I used to hang out with a homeless woman in the Bay Area, who got all her net access from the Palo Alto library. When I went out west, if I could, I'd get transportation out of SF and go meet her somewhere. She didn't ever act like being homeless was something she needed to get solved. :/
I think I know what you mean in seeing flaws in left- (and right-) leaning solutions... But I also think there are answers to the questions you pose. Do the people want help? Well, in most cases I think the answer is "yes." If the answer was "no" there wouldn't be a line down the block at the shelters at sunset. If the answer was "no" there wouldn't be a two-year waiting list for the permanent-housing shelters. Or, to put it another way, not everyone who is homeless wants help, but if you want, I can introduce you, one-by-one, to about 150 people who do. There is not One Unified Face of homelessness. There are hundreds of individual people, who might be classifiable into a couple dozen broader categories of people who need very different things.
Does getting getting people off the street help them? One good way to find this out is to read their own writing. The "Spare Change News" has weekly stories written by people who had the bottom drop out from under them one way or another, then got the help they needed, and then got their feet back under them.
Do they know how to help themselves? Not in every case. A large part of the budget of services for the homeless is for social-work that ranges from job-training to basic life-skills, such as knowing to show up on time for a job if you have one, etc. There is also a portion of the homeless in MA who became suddenly homeless when the state stopped funding mental health facilities. Bang. One day several hundred people who could not take care of themselves were driven from facilities in the suburbs into Boston and dropped off on the Common, without any idea what was happening. They may or may not be able to learn how to take care of themselves, depending on the degree of mental illness.
How is it possible that the best way to help is to just stop helping? In some sort of "maybe they'll all die off" kind of way? I suppose if you want to live in a society in which the response to "I need help," is "Die," then I suppose, but it won't stop being the answer, you'll have to keep saying that every single day. Personally, I don't want to be that hard.
Maybe it's not that I want to help other people. Maybe I just don't want to step over sick and frightened and hungry people on my way to get my next latte... maybe it makes my croissant taste a little more bitter if I've had to turn a cold shoulder too many times on my way to the cafe. Maybe I just think my selfish little life would be better if the people who needed help got it, so I didn't have to spend any energy making up excuses for why I can't be bothered to give it.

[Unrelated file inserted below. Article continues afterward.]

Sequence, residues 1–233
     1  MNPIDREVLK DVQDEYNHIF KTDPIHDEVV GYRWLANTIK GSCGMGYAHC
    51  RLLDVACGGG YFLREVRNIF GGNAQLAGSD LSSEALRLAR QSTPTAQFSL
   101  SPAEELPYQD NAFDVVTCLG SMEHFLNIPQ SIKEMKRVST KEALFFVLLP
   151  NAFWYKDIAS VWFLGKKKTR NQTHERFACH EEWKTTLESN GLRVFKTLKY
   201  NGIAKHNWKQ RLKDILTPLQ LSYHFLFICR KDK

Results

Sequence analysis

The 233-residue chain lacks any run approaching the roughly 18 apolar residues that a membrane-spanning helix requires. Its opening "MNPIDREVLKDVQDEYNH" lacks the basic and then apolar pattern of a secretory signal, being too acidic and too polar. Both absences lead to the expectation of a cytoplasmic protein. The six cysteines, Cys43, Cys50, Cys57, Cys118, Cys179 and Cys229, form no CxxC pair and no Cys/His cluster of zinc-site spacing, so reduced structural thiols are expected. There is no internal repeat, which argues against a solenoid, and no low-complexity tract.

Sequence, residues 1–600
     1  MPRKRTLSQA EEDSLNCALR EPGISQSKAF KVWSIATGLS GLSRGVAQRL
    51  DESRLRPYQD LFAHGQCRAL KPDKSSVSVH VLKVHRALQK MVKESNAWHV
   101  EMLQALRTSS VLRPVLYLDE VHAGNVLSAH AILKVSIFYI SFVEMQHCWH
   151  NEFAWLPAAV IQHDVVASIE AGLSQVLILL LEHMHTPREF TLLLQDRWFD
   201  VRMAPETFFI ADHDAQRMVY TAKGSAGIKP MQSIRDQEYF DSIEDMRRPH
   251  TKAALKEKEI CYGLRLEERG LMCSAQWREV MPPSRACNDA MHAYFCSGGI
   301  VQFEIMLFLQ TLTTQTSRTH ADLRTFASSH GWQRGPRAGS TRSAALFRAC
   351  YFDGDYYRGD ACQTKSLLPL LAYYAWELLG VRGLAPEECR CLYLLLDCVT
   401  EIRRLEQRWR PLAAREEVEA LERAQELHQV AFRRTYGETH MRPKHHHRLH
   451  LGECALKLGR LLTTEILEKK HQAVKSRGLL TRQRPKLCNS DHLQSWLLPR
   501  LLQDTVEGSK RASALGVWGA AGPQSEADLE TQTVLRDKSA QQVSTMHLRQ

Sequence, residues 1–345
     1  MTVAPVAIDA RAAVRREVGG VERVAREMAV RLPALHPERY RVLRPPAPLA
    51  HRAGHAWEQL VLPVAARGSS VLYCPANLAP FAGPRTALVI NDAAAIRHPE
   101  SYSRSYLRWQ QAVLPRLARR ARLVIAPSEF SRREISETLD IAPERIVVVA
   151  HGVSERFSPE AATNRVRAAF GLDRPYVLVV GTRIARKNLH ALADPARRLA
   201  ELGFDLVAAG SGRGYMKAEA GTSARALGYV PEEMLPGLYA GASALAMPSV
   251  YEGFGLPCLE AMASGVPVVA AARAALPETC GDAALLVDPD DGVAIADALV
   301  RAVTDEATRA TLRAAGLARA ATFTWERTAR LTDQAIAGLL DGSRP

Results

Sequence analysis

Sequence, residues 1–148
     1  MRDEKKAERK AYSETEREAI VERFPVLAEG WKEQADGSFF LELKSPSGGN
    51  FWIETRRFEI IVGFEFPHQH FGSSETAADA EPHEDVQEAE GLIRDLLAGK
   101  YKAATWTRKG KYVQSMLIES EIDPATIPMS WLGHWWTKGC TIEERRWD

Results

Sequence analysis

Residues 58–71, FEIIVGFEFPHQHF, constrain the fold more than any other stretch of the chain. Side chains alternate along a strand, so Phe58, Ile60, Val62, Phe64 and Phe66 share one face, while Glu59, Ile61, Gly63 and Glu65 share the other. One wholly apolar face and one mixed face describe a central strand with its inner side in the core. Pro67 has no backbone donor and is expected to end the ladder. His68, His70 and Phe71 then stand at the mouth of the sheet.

Today I saw a woman with Parkinson's fall down on the bus. I could just say "huh. maybe she's not able to take care of herself. I should just let her die there." Or I could say "Here, let me help you." Not helping people won't magically magically make their need go away and never come back. You can't even "breed out" people who can't take care of themselves with a generation of not giving a shit.
I totally agree that the solutions we as a society have floated have been flawed in one way or another. But I don't get how you get from "we haven't solved this problem," to "maybe the problem doesn't really exist."
Your thinking on this is really interesting. I think I've been unconsciously coming to the same opinion, without articulating it as directly. By which I mean: I used to not want to put my energy into what I thought of as "stop-gap" measures such as shelters, etc., without having a sense of the bigger picture.
Then one day I was walking to work and shrugged off a request for "spare change" with what was then my standard "sorry, can't do it," and the guy asked me "can't? or won't? just keep it real, sister." I thought about that and said "You're right. I can't right now, but I sometimes can can, an when I can, I will." (I think I was late for class and had no money on me).
Now I find my mind-set has changed. I don't think I can change racism, cruelty, poverty, hunger, selfishness, etc., etc. on a global scale, but I'm one person and I can make the world at least one person less cold. So I help when I can, and always have a friendly word at least, for the folks on the street, because I figure if the day cna have more rather than fewer people being nice to each other in it, all the better.